We stick with the facts, and several editors read every story.
By Jason Grotto, ProPublica
At the beginning of the year, we asked ProPublica Illinois readers what they wanted to know about how we do our work. The questions have been rolling in ever since, and we’ve been answering them in an occasional series of columns. Today, ProPublica Illinois reporter Jason Grottoanswers an inquiry about how we deal with the potential for bias in reporting.
What steps does ProPublica have in place in the editorial process to reduce and control bias? — Scott Dyson
The truth is, journalism has long struggled with the idea of bias and, through many periods since the founding of the Republic, much of the press has sometimes been openly partisan. “Objectivity,” relatively speaking, is a more recent cultural standard. So, I look at the idea of bias as part of a lengthy and ongoing conversation, one I hope will never end.
First, it’s important to point out that ProPublica focuses mainly on investigative journalism, which is a particular genre that makes its reporting different than, say, political coverage. In most cases, investigative stories make an argument rather than just capture both sides of an issue. The stories often have a particular structure: Some person, government agency or other entity allegedly did something wrong and harmed others. Almost always, the wrongdoing is set against a standard — a law, ethical practice or norm.
So on a certain level, some point of view is baked into investigative stories because, in many cases, reporters begin with a tip or data that suggests wrongdoing and then set out to determine if it occurred.
When a colleague and I exposed how Chicago Public Schools lost more than $100 million using high-risk borrowing to fund school construction projects, we worked from the premise that school officials should be prudent with education funding.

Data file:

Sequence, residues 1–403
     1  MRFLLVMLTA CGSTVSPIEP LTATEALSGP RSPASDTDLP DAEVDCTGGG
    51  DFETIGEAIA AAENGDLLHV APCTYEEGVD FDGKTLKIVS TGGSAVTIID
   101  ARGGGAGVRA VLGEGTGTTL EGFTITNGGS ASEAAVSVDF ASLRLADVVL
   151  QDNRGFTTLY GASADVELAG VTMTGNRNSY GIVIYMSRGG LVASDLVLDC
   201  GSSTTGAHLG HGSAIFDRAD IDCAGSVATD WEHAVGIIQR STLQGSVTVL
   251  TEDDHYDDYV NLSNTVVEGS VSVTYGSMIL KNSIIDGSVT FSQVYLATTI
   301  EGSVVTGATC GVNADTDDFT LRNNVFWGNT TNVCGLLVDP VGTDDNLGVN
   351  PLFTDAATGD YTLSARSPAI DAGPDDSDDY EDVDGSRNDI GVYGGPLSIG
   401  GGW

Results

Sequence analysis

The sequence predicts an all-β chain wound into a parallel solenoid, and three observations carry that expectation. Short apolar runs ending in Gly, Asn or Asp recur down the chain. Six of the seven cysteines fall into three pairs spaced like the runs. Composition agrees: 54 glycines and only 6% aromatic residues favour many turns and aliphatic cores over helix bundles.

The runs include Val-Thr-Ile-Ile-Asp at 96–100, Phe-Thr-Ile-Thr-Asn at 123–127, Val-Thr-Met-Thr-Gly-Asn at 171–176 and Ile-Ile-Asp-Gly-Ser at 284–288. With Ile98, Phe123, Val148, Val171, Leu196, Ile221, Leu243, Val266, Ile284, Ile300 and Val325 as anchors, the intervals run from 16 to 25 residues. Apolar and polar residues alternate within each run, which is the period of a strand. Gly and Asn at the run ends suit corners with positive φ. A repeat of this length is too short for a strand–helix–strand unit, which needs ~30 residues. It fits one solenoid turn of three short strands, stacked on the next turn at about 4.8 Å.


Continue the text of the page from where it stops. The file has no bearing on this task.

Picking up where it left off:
Before we embark on a story, there is a long process of vetting the idea. Reporters often write pitch memos that give broad outlines of what might be uncovered, after doing some spadework. In doing so, both reporters and editors make sure multiple viewpoints are sought.
In the reporting, we have to be sure the question we pursue can be answered with verifiable facts. The key is “verifiable.” That is, any fact presented in a story must be based on documents, data or reliable, on-the-record human sources.
When I was a reporter at the Chicago Tribune, I did a series of stories about union officials who violated state law by double- or even triple-dipping on pension payouts, collecting money from both public and union pensions for the same work. The investigation launched after we got a tip. We nailed down the story by digging through years’ worth of documents from public pension funds and union records filed with the U.S. Department of Labor.
By lining up the two sets of records, we showed union officials flouted state law by collecting two pensions for the same work. That contributed to the underfunding of public pension funds union members relied on for retirement.
As I dug through records and did interviews, I looked for evidence that knocked down or mitigated our premise. Every reporter should seek out facts that might produce a counternarrative. You don’t want to have tunnel vision.
The idea is to ensure fairness and accuracy, the twin pillars of high-quality journalism.